As you can see, the clearance from the GPIO socket to the power connectors above is potentially an issue - looks like it is going to be a tight squeeze for the Pi:
However, I needed to remove the ATX power connector temporarily in order to fit the Pi 3A+ there.
When I plugged the ATX power cables back in, I found the Pi 3A+ is *just* lower than the connector and cable - phew!
Next I plugged in the HDMI cable to the HDMI connector on the Pi 3A, which is connected to the external HDMI connector on the rear of the Checkmate A1500plus case, as covered in my previous blog posts on the Vampire 500 setup.
I think I need a right angle HDMI cable here though - it does push on the Ace2 expansion installed next to it and lifts the edge of the Pi slightly, but not enough to be a problem.
Temporarily, I connected a Raspberry Pi keyboard and mouse to the USB port on the PI in case I needed to do anything on the Pi itself.
Here is the setup, almost ready for power on. I connected a HDMI monitor to the Pi HDMI output, and the previous VGA TFT screen to the Indivision ECS as usual.
On power on, I get a definite long wait while the Pi boots up and runs the PiStorm software. Until then, there is no CPU for the Amiga to use, so it will just sit there until it PiStorm CPU emulation is running and can operate the computer - this takes around 30 seconds or so. Out of the box AmigaStore configured the PiStorm to run as a 020 CPU:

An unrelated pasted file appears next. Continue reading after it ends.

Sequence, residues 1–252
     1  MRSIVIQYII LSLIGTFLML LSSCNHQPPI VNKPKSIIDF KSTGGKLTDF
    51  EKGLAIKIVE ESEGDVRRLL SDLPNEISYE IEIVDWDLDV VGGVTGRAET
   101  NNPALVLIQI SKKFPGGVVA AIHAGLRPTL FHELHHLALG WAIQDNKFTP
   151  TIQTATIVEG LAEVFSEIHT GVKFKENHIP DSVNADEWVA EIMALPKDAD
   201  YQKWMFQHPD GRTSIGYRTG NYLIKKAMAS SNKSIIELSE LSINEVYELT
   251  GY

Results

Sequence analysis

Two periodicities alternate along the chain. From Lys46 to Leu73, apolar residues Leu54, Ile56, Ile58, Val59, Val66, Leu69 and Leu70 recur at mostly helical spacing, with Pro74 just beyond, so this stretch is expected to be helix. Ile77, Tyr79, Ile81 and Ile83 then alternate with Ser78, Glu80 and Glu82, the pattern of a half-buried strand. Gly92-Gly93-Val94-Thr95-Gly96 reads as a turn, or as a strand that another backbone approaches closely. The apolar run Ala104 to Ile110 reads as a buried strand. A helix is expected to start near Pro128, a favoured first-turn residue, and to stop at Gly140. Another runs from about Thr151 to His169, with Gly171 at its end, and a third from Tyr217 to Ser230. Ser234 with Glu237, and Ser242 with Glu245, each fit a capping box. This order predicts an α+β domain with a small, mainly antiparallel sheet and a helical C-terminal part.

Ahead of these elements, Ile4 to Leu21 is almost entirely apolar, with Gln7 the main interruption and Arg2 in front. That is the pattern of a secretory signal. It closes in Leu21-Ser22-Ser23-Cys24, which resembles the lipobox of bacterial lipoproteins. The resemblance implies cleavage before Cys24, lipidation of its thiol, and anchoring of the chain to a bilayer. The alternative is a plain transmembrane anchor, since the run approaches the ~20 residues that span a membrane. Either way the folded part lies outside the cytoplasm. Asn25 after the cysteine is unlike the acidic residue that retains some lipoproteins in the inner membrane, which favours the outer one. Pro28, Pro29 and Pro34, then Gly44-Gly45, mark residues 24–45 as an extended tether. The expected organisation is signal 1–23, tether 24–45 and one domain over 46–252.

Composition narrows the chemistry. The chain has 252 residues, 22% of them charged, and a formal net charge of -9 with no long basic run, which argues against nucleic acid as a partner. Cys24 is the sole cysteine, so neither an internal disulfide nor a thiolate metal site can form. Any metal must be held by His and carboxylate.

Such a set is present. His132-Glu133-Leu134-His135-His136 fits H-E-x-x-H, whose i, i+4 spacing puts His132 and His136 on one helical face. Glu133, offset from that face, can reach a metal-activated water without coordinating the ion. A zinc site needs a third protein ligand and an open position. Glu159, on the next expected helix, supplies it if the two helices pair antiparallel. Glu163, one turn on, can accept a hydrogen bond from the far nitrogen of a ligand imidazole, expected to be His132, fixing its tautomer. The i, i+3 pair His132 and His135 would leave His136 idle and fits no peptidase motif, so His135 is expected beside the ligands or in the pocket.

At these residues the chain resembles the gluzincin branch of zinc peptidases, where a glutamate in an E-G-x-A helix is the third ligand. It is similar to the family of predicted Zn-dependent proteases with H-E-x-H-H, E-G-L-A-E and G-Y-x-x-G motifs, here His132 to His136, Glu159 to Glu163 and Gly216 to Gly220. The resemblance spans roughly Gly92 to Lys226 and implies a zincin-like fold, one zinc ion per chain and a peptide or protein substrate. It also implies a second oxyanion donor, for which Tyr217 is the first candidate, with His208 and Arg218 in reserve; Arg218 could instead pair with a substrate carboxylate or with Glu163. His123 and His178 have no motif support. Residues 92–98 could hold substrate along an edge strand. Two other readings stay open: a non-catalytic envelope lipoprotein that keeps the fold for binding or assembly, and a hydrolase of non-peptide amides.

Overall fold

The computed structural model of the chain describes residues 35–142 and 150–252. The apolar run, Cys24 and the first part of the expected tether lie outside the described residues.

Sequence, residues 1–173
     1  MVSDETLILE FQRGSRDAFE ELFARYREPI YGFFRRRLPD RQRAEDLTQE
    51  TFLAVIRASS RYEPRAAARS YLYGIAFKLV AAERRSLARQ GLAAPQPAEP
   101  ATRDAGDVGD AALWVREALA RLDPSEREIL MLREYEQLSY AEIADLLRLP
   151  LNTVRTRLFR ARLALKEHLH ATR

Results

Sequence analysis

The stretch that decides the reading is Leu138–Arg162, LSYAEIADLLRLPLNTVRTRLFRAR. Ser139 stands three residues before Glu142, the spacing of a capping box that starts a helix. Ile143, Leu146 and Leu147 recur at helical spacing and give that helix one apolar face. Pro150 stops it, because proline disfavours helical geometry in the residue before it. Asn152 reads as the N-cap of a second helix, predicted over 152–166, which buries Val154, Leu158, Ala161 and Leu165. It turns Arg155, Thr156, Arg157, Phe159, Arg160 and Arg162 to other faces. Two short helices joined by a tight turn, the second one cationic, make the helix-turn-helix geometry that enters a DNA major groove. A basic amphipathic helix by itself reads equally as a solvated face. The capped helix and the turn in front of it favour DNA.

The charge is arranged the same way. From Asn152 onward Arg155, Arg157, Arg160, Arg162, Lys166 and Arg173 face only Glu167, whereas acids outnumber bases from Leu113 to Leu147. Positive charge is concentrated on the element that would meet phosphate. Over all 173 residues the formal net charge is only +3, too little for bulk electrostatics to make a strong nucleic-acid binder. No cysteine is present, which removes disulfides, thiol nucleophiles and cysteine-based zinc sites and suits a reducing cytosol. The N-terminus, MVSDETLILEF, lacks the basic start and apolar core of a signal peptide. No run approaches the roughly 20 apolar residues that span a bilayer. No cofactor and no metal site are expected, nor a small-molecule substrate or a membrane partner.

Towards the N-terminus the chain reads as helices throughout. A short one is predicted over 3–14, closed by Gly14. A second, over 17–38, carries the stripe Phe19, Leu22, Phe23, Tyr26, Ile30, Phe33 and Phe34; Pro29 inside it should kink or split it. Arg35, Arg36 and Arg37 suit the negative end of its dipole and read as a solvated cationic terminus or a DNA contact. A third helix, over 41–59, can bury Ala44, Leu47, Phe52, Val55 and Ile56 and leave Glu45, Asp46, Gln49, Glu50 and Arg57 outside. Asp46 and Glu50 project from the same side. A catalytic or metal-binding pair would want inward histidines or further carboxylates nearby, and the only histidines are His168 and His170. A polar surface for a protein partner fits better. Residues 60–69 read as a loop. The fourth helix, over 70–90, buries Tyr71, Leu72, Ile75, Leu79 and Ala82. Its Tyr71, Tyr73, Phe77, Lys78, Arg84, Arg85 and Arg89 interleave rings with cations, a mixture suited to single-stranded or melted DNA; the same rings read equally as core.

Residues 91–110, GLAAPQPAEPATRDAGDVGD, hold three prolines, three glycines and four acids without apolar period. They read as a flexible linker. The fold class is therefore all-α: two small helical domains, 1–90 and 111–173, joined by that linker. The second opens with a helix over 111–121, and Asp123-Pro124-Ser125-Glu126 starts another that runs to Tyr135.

When the Pi finishes booting the CPU emulation is running and the Amiga boots from the HDF hard disk on the 32GB SD card on the Pi 3A. It works!
Intially, the HDF is setup to use a standard PAL screen mode, utilising the onboard video out on the Amiga. My 2MB chip from the Ace2 is working fine, and the 128MB memory is also visible:
I ran SysInfo, included on the drive also as delivered, and checked out the performance of the 020 CPU - not too shabby, faster than an 040-25Mhz in the Amiga 4000.
Checing the hard disks attached, they are formatted FFS but this being AmigaOS 3.2, we don't need to worry about the 2GB/4GB limits.
The emulated Zorro expansion cards for the CPU accelerator, memory, network card and rtg graphics card are also visible here.
Your mileage may vary but when I selected 1080p output I couldn't read the text on the screen.
Running RTG 32bit colour at 800x600 was perfect and displayed fine, as shown below. The higher modes I found the text too small to read. Probably I could adjust the font size to compensate. I might do this later.
With that done, I could now run AmigaOS 3.2 from RTG screenmode from boot up, no need for the native display unless running games, demos or requiring access to the early boot menu.